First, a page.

If you are a member of the Board and the topic of a cybersecurity audit comes up, it is important to define what it is and what it is not. Audits are often used to evaluate the effect of policies. While sometimes security audits and assessments are referred to interchangeably, they really are not the same thing.
An assessment is an evaluation that seeks information to better understand a specific situation (people, process, and technology) and make informed decisions as it relates to that specific situation. An audit, on the other hand, typically involves verifying the system against a holistic standard that results in a pass or fail outcome.
An audit often contains different assessments, with a combination of conceptual and technical reviews. A security audit might include conducting physical, access control, and vulnerability assessments. But, a security audit will also likely include evaluating design controls and processes, standard operating procedures, disaster recovery plans, as well as several other components.
Audits can be costly and, depending on the scope, may only provide broader insights into an organization’s cyber health. For example, cyber health could be defined in terms of the presence of controls. But, if what is really needed is to evaluate the effectiveness of those controls in mitigating risk? If the effectiveness of a control is desired, then asking more questions around specific assessments might be warranted. For example, the auditor may determine that the organization checks the box because a firewall is in place on company devices. But, if the firewall is not properly configured, then the firewall might not even work.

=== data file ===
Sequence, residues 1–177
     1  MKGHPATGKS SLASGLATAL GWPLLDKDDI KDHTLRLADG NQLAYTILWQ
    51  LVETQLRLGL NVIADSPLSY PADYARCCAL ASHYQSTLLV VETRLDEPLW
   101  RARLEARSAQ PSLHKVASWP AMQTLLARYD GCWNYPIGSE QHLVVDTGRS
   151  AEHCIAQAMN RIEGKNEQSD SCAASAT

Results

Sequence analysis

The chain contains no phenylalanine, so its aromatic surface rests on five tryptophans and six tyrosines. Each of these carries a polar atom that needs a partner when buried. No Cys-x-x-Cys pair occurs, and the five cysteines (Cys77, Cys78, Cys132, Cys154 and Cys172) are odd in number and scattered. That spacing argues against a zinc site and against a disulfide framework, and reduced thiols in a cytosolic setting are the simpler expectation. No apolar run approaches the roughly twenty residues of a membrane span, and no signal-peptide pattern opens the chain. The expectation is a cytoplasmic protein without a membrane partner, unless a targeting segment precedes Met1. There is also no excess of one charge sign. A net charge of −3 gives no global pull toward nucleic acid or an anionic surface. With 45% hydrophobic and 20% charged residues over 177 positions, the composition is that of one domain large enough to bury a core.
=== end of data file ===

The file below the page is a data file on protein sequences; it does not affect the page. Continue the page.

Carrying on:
A formal audit is typically performed by an external third-party vendor that has no conflict-of-interest. It is not uncommon for larger companies to have internal audit teams running assessments throughout the year to protect the company, as well as better prepare for the external audit. A security audit is often a more systematic evaluation of the organization’s information system compared to an established set of criteria. Processes like ISO27000 provide important frameworks and details that have influenced both assessments and audits.
When trying to determine a company’s cybersecurity posture, there are a variety of different assurance actions that can be taken. Cybersecurity audits and assessments are helpful tools in assuring that policies have been applied and that there are enforceable controls in place to ensure the correct application of policy across the organization.
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